Proteases and Kinases: Attractive Targets for Combating Infectious Diseases
Pp. 49-69 (21)
Mona Arabshahi, Usha Bughani, Surya N. Vangapandu, Ritu Aneja, Ramesh Chandra, Daniel Kalman and Harish Joshi
Infectious diseases have haunted the human population for thousands of years. Although many breakthroughs have been made in the discovery of various treatments and cures for these diseases, multiple complexities enable them to continue to cause illness, disease and death. Evolution, for example, brings about mutations that cause the emergence of new pathogenic species. In addition, resistant species may emerge due to selective pressure of existing powerful antibiotics. The imminent possibility of new pathogenic strains forming and eventually threatening the human population verifies the urgent need for new, innovative strategies in fighting these pathogens. Here we review various important patents that have been licensed for drug development pertaining to protease and kinase inhibitors. Rather than being comprehensive, we have been selective in which patents to include. The goal is to inform the public at large of these new inventions in the pipeline and the status of development of these technologies into drugs to ultimately be used in a clinical setting.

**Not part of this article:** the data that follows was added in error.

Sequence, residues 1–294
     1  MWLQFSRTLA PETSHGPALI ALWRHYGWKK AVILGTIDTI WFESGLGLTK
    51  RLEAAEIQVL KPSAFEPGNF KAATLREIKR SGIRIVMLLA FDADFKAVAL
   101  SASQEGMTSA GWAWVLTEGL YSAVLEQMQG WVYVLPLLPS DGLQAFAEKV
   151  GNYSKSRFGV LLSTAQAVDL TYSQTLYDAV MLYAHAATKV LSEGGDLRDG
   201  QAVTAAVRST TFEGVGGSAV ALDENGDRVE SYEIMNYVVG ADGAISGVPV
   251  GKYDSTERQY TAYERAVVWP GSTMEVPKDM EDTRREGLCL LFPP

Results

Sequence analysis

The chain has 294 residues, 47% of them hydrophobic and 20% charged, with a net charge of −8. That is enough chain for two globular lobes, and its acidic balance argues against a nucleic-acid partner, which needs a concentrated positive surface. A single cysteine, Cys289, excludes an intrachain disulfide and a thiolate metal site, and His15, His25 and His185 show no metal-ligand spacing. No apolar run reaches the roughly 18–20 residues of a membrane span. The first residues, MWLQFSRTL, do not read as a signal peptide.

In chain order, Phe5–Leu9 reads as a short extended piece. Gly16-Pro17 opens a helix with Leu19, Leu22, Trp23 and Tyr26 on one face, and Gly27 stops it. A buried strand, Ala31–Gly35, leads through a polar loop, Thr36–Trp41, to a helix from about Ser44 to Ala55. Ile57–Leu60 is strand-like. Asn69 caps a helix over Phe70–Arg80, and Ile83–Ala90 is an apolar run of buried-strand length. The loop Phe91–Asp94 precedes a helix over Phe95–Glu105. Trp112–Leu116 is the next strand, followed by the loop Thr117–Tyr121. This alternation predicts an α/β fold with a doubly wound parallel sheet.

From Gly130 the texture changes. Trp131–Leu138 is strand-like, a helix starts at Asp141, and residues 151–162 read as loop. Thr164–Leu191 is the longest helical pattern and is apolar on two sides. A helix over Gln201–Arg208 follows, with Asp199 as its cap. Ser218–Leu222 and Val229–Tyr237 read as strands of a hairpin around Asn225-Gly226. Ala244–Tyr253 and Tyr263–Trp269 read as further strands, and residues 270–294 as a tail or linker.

Patents, anti-infective agents, protease inhibitors, tyrosine kinase inhibitors, RAF kinase inhibitors, pharmaceutical industry
Department of Cell Biology, Emory University School of Medicine, Atlanta, GA, USA